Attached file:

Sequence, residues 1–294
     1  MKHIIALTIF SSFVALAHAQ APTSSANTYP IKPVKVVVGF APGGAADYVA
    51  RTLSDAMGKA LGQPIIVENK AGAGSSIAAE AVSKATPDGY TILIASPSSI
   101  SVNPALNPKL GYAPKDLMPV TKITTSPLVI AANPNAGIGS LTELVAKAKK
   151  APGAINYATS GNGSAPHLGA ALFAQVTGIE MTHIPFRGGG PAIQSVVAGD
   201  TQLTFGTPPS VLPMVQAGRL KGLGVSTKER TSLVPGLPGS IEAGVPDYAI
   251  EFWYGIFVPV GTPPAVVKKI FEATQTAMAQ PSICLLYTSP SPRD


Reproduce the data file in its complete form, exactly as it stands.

Sequence, residues 1–294
     1  MKHIIALTIF SSFVALAHAQ APTSSANTYP IKPVKVVVGF APGGAADYVA
    51  RTLSDAMGKA LGQPIIVENK AGAGSSIAAE AVSKATPDGY TILIASPSSI
   101  SVNPALNPKL GYAPKDLMPV TKITTSPLVI AANPNAGIGS LTELVAKAKK
   151  APGAINYATS GNGSAPHLGA ALFAQVTGIE MTHIPFRGGG PAIQSVVAGD
   201  TQLTFGTPPS VLPMVQAGRL KGLGVSTKER TSLVPGLPGS IEAGVPDYAI
   251  EFWYGIFVPV GTPPAVVKKI FEATQTAMAQ PSICLLYTSP SPRD